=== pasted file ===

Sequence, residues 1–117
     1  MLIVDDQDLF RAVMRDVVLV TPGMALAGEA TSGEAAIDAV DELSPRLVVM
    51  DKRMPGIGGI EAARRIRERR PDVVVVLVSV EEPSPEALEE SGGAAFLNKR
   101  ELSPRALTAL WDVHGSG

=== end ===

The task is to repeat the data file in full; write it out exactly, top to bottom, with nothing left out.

Sequence, residues 1–117
     1  MLIVDDQDLF RAVMRDVVLV TPGMALAGEA TSGEAAIDAV DELSPRLVVM
    51  DKRMPGIGGI EAARRIRERR PDVVVVLVSV EEPSPEALEE SGGAAFLNKR
   101  ELSPRALTAL WDVHGSG